However, ultra high net worth clients may be more resilient to underinsurance caused by inflation

Brokers and insurers in the high net worth (HNW) market may see policyholders cut back on cover for renovation projects over the next six months as inflation continues to impact the cost of building materials.

During the Covid-19 pandemic, HNW clients reportedly took to renovation projects with enthusiasm, building home cinemas, gyms and bars to fill the void left by cancelled holiday and social plans.

HNW broker Stanhope Cooper can nicely evidence this trend – its managing director, William Cooper, told Insurance Times that the broker’s “turnover on renovation underwriting doubled over lockdown”.

Although this growth was not solely due to the pandemic, Cooper explained that the enforced lockdowns were “certainly a driver” that “coincided nicely” with Stanhope Cooper’s existing work in this area.

However, Cooper now fears that this previously fruitful line of business could be hit by high inflation and the accelerated “cost of building materials”.

He explained: “I’m worried that there might be a bit of a dip in the market in the next six months.”

July 2022’s Building materials and components index, compiled by the Department for Business, Energy and Industrial Strategy, for example, found that the cost for all new work increased by 27.2% year-on-year, as at June 2022, reported New Civil Engineer.

Inflation impact

However, with ultra high net worth clients paying around £25,000 for their annual insurance premium and high net worth customers shelling out an average £4,000 for yearly cover, according to Cooper, is inflation-hit commodity pricing really a concern for this demographic?

In Cooper’s opinion, these clients “live in a bubble where inflation and the real world doesn’t really touch them that much”.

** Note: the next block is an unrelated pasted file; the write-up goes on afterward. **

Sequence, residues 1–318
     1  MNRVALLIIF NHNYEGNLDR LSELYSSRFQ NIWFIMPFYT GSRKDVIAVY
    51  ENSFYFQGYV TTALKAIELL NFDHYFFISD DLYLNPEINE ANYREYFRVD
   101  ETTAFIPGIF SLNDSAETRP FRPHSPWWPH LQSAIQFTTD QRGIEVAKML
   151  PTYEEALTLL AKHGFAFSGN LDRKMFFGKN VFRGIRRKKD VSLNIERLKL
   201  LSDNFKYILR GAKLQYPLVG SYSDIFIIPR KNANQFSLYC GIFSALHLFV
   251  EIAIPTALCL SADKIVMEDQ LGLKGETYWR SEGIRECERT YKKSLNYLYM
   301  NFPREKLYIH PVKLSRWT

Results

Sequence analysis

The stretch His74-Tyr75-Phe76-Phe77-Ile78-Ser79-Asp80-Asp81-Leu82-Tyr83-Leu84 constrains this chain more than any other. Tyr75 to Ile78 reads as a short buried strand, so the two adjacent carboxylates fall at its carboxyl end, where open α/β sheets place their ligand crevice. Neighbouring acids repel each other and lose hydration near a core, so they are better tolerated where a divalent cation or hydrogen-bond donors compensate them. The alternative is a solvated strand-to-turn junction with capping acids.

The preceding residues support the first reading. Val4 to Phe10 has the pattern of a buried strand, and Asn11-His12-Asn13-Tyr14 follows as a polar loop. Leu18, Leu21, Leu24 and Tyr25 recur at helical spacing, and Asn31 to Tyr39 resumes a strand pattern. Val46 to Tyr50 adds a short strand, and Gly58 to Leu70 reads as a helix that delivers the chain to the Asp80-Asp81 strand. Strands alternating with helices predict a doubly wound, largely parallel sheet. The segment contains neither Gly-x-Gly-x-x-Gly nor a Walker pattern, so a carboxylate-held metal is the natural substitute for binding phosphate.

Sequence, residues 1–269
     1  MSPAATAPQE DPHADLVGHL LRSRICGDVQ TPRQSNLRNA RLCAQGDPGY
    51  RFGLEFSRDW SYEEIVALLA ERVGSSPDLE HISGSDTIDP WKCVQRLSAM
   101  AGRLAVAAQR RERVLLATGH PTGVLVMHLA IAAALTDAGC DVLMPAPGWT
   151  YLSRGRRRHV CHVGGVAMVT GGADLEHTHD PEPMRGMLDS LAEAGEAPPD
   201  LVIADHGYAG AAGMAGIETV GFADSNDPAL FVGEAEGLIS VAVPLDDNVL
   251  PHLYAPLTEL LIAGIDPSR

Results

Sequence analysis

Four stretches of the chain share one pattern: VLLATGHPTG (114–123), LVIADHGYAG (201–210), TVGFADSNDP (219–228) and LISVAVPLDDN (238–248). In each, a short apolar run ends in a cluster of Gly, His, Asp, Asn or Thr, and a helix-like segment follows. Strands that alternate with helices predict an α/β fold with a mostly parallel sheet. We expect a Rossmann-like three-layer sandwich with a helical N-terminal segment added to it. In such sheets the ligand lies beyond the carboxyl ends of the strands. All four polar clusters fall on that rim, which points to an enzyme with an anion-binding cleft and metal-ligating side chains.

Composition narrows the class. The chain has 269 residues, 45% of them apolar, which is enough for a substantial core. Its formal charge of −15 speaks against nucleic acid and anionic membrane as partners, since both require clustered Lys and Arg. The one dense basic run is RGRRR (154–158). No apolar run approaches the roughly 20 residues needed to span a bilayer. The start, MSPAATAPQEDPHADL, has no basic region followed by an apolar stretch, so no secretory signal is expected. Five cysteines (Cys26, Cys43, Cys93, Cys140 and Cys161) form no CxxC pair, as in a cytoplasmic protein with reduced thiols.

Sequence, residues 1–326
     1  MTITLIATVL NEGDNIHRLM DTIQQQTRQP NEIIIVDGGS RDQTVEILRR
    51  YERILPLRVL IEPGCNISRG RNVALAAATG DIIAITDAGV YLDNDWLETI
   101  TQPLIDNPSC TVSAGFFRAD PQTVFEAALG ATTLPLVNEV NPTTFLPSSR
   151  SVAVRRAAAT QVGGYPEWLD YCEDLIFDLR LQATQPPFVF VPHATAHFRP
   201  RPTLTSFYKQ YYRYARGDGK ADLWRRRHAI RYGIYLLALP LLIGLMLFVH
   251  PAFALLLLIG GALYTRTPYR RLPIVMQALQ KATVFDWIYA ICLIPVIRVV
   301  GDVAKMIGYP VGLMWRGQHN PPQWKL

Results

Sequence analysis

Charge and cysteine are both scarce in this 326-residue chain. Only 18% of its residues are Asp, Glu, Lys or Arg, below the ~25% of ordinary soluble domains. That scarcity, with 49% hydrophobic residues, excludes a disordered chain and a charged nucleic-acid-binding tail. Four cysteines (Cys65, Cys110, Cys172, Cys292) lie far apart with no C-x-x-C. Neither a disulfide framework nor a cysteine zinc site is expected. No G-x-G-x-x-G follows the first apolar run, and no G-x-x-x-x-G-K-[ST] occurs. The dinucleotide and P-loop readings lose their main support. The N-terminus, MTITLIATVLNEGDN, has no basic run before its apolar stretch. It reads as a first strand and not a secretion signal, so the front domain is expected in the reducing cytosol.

He continued: “There’s a bubble at the top end of the market, which is good for us because it means repeat business, it means renewable income, it means security on the cash flows.”

Sarah Willoughby, art and private client business director at insurer Ecclesiastical, however, believes that “inflation is obviously impacting all of us”.

She said: “There is still underinsurance within any home insurance policy, whether you’re standard, mid net worth, high net worth, or ultra. But clients, when they get up to ultra level, maybe can afford to pay the differential if the claim happens.

“If you’ve got an up to date valuation, that’s no more than three years old for jewellery and personal valuables, we give extended replacement cost. So, you’d have an uplift on that sum insured.

“If [the underinsurance] was even greater than that [amount], your ultra high net worth client could pay the differential, whereas high net worth clients might not have as much capacity to pay the difference.”

Willoughby added that although Ecclesiastical does not have specific ultra high net worth policy wordings, it can still provide capacity for up to £100m of buildings cover and £155m of fine art insurance.

“We are obviously constantly reviewing where we are with indexation, inflation and ensuring that our clients are going to have their sums insured correctly, aligned with inflation indexation,” she added.